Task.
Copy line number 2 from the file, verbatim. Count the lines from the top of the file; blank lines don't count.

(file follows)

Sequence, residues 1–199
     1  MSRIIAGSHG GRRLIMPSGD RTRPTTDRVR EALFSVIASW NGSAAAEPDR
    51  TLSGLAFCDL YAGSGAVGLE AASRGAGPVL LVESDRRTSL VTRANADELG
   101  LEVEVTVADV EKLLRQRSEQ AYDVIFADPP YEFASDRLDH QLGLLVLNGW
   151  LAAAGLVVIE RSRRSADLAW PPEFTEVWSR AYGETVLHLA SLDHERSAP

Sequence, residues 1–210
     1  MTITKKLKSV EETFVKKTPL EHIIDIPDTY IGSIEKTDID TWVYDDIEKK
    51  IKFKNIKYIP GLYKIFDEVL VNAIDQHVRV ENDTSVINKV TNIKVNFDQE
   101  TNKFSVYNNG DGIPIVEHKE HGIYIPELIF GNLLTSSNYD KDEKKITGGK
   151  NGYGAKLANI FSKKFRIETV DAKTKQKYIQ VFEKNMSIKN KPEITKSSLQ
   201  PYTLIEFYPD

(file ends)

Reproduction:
     1  MSRIIAGSHG GRRLIMPSGD RTRPTTDRVR EALFSVIASW NGSAAAEPDR